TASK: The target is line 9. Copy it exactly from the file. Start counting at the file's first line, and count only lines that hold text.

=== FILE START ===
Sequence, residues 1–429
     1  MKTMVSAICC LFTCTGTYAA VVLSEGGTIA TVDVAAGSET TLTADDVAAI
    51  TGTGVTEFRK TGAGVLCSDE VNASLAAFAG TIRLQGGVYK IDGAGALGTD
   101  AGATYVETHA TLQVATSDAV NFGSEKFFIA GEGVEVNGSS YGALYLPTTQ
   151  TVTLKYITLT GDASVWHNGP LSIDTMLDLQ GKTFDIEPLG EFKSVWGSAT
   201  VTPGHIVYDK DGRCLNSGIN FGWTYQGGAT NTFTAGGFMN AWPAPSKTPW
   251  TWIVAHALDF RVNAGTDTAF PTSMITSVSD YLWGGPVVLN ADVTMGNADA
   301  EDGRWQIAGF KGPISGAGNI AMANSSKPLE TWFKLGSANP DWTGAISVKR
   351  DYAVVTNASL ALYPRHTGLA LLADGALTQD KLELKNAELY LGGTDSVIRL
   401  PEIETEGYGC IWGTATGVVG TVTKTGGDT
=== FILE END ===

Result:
   351  DYAVVTNASL ALYPRHTGLA LLADGALTQD KLELKNAELY LGGTDSVIRL